Learning that an inappropriate picture or video of your child is plastered across the Internet might be one of a parent’s worst nightmares. And when nearly one in three 17-year-olds report sending or receiving a sext, it can happen more often than most parents would think.
Would you know what to do if you discovered that a nude or suggestive photo of your child was appearing online, or if you found out that it was being widely shared among other kids at your child’s school?
- Assure your child it will be okay. When an inappropriate photo of them goes viral, teens can feel that the resulting bullying and embarrassment will go on forever. Depression, anxiety, skipping school, self-harming behaviors, and even suicide can be reactions to victims who feel that this will never end.
- Get the facts straight. You are the judge of whether pr not you need to view the image yourself, but you do need to know the details about the specific content of the image. You also need to know whether your child was involved in creating or distributing it.
- Contact the school and local law enforcement. Depending on the content of the image and the current situation, your child’s school and the police may be able to take down some of the images and discipline the people responsible for spreading it. When directed, contact web servers to remove additional images.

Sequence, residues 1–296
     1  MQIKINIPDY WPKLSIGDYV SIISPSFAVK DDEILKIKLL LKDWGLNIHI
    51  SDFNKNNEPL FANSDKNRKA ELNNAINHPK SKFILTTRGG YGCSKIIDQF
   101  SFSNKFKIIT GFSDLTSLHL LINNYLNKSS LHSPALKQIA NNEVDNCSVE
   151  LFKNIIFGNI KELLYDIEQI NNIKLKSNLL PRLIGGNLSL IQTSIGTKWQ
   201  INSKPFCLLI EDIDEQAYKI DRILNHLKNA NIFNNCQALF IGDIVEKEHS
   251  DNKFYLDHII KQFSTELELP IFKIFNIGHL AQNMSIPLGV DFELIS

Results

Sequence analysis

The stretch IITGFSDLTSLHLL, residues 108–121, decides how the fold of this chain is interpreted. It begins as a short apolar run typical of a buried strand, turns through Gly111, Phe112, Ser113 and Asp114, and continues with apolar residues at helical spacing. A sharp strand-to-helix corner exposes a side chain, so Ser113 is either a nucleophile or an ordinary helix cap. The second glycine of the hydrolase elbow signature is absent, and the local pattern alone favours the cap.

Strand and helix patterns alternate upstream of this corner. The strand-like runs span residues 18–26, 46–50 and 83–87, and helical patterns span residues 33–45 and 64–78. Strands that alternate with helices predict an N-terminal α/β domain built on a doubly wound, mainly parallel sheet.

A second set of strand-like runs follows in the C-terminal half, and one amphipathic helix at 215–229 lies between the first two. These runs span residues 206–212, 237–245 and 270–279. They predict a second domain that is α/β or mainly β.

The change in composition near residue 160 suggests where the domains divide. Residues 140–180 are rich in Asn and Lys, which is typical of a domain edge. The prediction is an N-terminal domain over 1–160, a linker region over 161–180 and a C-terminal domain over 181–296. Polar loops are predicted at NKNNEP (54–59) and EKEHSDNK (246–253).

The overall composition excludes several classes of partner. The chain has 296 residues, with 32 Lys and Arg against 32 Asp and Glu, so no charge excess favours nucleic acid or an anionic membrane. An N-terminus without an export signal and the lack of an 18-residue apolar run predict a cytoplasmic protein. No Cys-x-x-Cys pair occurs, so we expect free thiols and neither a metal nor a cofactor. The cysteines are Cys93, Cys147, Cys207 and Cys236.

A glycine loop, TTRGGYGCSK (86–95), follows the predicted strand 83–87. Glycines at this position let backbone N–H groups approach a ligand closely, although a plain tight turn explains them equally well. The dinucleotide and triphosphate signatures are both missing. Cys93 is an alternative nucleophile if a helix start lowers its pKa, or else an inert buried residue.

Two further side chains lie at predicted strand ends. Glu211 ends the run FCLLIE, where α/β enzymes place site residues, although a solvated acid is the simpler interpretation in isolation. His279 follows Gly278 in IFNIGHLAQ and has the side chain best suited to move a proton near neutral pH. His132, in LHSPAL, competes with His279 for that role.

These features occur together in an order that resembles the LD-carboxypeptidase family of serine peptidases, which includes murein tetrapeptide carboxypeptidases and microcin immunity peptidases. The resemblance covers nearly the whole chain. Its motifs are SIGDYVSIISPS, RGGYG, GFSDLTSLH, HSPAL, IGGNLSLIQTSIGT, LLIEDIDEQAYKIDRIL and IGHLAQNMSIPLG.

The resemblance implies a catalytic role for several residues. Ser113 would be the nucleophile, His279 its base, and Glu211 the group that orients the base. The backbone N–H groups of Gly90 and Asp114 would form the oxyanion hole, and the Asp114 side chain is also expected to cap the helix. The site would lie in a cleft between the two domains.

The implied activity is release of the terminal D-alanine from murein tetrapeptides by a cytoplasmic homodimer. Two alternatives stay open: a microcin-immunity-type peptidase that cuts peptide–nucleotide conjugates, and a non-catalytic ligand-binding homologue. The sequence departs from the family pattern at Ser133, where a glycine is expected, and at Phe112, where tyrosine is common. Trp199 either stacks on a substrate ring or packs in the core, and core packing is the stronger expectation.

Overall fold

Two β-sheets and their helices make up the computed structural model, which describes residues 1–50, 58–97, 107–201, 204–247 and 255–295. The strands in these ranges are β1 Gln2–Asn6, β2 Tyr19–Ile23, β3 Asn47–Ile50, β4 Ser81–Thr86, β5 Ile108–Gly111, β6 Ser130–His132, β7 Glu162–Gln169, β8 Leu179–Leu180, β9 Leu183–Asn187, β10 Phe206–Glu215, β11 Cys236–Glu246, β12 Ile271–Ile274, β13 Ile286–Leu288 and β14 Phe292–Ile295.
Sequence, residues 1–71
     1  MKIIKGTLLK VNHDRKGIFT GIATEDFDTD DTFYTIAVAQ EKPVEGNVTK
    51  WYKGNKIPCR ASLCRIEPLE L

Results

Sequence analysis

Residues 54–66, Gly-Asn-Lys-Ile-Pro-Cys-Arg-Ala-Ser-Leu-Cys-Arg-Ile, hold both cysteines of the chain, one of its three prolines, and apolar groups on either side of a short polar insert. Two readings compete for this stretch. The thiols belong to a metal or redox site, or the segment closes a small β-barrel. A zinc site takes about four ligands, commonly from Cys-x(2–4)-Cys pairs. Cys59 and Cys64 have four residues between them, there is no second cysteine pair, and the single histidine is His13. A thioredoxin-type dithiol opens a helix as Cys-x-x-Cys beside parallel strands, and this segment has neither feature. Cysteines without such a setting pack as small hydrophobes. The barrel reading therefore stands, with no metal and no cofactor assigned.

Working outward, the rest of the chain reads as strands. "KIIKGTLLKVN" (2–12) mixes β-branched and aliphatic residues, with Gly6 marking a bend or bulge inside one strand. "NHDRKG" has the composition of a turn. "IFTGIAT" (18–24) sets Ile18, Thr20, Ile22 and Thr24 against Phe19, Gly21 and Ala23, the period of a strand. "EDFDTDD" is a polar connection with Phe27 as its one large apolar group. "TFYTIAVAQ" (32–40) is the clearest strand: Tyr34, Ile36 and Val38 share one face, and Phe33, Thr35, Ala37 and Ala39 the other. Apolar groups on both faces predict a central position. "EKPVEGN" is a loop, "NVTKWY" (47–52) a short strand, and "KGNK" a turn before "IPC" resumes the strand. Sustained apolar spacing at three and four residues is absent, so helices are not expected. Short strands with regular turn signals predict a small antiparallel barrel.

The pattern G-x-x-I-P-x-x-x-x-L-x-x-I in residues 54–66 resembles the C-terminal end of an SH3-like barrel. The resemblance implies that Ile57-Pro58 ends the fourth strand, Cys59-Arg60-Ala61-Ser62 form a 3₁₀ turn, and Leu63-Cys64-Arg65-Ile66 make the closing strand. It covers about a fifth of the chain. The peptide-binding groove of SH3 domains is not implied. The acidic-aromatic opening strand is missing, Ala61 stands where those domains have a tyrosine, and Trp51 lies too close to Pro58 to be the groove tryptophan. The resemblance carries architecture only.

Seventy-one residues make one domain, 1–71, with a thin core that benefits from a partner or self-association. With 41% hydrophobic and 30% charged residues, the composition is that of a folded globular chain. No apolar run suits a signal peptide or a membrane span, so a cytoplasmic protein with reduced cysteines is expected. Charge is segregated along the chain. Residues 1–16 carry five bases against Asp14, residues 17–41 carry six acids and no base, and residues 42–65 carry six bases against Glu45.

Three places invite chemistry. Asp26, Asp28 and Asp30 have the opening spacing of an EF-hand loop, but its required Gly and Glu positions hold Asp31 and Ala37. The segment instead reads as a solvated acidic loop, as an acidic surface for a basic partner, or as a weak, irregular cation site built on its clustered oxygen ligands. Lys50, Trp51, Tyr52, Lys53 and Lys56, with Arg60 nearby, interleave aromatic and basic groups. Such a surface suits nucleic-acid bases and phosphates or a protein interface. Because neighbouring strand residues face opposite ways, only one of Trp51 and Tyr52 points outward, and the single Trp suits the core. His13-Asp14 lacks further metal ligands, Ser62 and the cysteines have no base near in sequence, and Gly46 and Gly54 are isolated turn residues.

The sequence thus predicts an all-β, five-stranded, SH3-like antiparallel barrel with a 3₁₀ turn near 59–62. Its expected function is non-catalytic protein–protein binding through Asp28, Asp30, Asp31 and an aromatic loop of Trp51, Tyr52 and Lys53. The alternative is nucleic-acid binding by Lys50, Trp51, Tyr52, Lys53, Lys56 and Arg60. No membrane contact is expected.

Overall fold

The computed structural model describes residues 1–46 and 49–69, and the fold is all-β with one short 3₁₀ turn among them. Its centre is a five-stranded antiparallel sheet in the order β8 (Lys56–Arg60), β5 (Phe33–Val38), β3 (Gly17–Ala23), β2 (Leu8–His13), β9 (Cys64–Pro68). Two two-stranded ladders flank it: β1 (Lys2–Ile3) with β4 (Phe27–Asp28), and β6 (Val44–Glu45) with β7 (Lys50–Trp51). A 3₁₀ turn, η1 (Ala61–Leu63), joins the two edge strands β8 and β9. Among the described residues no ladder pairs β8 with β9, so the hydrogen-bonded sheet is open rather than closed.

- Seek support for your child. Help your teen identify supportive friends who will help them through the ordeal ahead. If your child seems extremely disturbed, seek professional help and ask your child’s teachers to inform you of any disturbing behaviors they may observe.
- Consider appropriate consequences. If your child played a part in creating or sending the image in the first place, restricting Internet or cell phone privileges until they can demonstrate more responsible behavior is in order.
- Check in with your child frequently. How is your child feeling? Are they being harassed or bullied by others as a result of the image? Teens should be aware of how to respond to harassment and report it, if and when it happens.
Whether your child initially shared the image themselves or whether it was taken and shared without their consent, every parent should know what to do and say if their child becomes a victim of a sexual image gone viral. Ensure your child’s emotional health, get help from law enforcement and the school, and educate your child about Internet safety practices.
This is not a situation that any parent would like to find themselves in, but knowing what to do if the unthinkable happens will make a big difference in how it all impacts your child.
Tim Woda is a passionate advocate for protecting children from today’s scariest digital dangers – cyberbullying, sexting and online predators. He is the co-founder of uKnow.com, developers of uKnowKids.